For Parents

Here you will find the books, articles, and resources that Dr. Ungar has created to help parents and caregivers improve their child’s resilience and wellbeing.

New Book!

Dr. Michael Ungar talks about his book I Still Love You: Nine Things Troubled Kids Need from Their Parents in this video introduction.

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In I Still Love You, Dr. Ungar teaches parents the nine things their kids need in order to thrive. To help you put his advice into practice, we’ve created a set of cue cards that you can download, print, and carry with you or display in your home. Referring to them often will help you remember what you can do to make children change troubling behaviours and be more resilient.

Click Here to Download the Cue Cards

“I read your book and was singing its praises. Thank you for offering insights in such a compelling and accessible way, while also conveying the power of a community of parents who can support each other in sorting out the challenges that emerge on this remarkable journey that keeps us young and makes us old all at once! I appreciated your book, and how effectively it shares the research that underpins the lessons embedded within.”

– Sharon Wood | President & CEO of Kids Help Phone

Dr. Michael Ungar also writes a blog for parents over at Psychology Today.

To view that blog, click here!

Books for Parents

I Still Love You (2015)

This book for parents of children with serious emotional, psychological and behavioural challenges offers nine practical and effective strategies that parents can use to make children change troubling behaviours and become more resilient. Told as the story of three families that meet together weekly with Dr. Ungar at his office, each family’s struggles and successes are proof that with a little guidance and the power of unconditional love, any child can be helped to heal and reconnect.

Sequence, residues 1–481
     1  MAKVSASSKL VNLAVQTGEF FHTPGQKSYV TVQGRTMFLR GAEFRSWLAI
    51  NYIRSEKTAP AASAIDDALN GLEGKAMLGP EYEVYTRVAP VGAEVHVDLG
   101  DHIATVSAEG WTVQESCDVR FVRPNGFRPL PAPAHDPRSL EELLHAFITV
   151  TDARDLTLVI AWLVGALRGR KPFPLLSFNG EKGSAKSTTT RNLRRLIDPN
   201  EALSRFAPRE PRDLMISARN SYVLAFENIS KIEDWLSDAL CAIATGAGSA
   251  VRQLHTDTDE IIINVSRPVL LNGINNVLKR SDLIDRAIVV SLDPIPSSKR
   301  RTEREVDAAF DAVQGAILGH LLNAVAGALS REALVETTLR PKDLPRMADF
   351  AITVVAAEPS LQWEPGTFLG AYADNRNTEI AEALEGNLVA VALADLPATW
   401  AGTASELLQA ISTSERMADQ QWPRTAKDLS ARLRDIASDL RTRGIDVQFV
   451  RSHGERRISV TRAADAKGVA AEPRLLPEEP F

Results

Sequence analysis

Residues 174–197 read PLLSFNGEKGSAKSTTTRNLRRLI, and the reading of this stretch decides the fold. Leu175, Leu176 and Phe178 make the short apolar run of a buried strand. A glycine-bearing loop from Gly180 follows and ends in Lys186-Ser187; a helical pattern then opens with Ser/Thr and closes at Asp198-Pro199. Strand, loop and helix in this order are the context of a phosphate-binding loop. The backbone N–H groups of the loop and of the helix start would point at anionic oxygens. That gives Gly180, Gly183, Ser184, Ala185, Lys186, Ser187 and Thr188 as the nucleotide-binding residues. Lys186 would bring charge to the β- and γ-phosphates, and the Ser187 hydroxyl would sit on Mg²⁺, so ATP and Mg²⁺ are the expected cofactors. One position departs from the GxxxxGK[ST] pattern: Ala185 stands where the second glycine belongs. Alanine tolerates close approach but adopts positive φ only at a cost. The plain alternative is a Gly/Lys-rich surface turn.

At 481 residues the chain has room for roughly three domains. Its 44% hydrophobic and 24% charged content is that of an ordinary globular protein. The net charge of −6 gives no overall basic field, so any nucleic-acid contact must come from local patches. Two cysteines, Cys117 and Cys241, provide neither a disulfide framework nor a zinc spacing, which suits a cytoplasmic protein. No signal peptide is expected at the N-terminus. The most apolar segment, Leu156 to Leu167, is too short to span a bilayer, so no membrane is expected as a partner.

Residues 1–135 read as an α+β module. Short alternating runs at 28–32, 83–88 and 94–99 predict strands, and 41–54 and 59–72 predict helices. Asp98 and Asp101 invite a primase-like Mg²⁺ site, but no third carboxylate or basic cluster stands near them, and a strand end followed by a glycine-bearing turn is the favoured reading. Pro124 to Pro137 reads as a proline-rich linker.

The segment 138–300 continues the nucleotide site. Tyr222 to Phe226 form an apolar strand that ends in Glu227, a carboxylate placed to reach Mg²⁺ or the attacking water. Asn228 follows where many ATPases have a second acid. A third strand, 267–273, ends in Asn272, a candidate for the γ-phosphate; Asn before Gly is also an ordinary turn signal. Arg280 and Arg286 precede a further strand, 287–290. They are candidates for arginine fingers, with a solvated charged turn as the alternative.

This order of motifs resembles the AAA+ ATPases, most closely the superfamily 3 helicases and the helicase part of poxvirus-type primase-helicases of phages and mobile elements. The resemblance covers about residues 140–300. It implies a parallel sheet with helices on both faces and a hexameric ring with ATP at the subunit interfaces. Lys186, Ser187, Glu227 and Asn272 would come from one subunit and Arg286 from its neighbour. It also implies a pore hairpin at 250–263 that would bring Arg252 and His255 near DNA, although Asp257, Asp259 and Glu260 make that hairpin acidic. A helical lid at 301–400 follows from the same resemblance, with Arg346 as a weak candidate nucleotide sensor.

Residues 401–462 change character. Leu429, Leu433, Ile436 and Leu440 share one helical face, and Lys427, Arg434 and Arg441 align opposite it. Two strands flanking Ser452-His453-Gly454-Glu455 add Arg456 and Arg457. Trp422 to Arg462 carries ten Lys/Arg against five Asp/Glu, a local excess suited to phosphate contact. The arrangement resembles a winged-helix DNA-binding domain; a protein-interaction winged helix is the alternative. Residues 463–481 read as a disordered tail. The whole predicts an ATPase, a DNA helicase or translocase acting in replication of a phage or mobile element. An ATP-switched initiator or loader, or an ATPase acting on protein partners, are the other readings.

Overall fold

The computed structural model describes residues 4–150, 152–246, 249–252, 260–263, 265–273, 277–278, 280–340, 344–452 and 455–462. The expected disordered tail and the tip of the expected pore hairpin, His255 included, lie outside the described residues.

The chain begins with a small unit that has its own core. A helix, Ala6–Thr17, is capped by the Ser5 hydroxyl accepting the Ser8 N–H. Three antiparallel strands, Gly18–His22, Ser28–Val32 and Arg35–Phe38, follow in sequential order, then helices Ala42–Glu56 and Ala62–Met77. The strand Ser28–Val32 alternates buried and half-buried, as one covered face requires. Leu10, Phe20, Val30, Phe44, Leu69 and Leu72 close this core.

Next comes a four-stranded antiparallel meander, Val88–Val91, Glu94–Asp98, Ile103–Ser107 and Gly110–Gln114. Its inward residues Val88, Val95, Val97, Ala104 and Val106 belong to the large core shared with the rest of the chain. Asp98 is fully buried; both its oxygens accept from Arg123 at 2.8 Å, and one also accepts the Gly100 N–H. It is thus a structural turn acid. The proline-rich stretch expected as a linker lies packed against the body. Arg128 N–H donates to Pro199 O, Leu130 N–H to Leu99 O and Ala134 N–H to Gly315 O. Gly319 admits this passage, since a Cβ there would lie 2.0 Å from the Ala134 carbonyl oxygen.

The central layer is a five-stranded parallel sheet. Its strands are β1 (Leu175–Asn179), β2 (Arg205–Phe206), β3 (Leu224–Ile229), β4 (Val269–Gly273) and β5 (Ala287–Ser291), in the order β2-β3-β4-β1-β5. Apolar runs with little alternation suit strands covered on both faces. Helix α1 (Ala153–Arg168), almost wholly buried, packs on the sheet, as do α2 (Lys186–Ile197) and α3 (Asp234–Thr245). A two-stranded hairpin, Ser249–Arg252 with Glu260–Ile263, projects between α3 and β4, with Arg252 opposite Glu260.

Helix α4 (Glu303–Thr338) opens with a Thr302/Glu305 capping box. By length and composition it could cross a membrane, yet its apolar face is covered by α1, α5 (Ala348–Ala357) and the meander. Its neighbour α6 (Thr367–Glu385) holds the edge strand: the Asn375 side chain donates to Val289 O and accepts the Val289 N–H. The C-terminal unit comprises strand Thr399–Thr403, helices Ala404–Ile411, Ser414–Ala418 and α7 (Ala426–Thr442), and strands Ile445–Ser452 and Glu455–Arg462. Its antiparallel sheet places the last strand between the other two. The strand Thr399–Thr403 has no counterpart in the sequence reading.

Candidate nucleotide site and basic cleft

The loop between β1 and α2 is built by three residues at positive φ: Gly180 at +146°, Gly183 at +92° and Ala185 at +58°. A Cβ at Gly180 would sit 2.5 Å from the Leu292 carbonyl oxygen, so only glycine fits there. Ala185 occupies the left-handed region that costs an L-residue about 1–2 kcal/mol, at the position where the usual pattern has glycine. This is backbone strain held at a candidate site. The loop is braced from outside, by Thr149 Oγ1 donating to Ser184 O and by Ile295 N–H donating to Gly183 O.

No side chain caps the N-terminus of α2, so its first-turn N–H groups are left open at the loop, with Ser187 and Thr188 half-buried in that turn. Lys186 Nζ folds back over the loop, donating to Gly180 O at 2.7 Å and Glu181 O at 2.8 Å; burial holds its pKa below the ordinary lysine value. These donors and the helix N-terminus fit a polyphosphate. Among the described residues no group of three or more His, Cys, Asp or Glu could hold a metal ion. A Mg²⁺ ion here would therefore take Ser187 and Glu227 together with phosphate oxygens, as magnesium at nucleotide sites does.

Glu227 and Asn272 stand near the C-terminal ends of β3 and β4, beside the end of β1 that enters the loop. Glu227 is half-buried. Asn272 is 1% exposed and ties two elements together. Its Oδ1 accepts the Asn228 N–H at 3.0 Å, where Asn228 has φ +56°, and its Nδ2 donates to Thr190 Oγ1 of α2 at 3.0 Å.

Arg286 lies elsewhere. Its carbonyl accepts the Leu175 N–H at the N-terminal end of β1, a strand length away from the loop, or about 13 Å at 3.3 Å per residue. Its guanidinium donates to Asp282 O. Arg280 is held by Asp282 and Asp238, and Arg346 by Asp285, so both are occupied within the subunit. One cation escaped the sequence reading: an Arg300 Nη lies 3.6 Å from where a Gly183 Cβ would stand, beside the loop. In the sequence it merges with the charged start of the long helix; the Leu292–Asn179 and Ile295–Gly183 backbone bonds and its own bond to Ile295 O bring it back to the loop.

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We Generation (2009)

Through inspiring stories taken from Dr. Ungar’s clinical work with children, youth, and families, and research gathered from around the world he shows how the close connections kids crave and the support that adults provide can help kids realize their full potential.

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Too Safe for Their Own Good (2007)

If we think back to when we were young, didn’t risks and responsibilities help prepare us for the challenges we would face later in life? In this book, Dr. Ungar shares what he has learned from families who have found ways to provide their children with the right amount of risk and responsibility.

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Playing at Being Bad (2007)

Our most troubled youth are far more resilient and healthy than we care to admit. If we take the time to listen to our children, we hear an entirely different story about their lives than the one we adults tell. Unlike many other books about difficult kids that reflect the wisdom of adults, this one explores the truth of adolescence.

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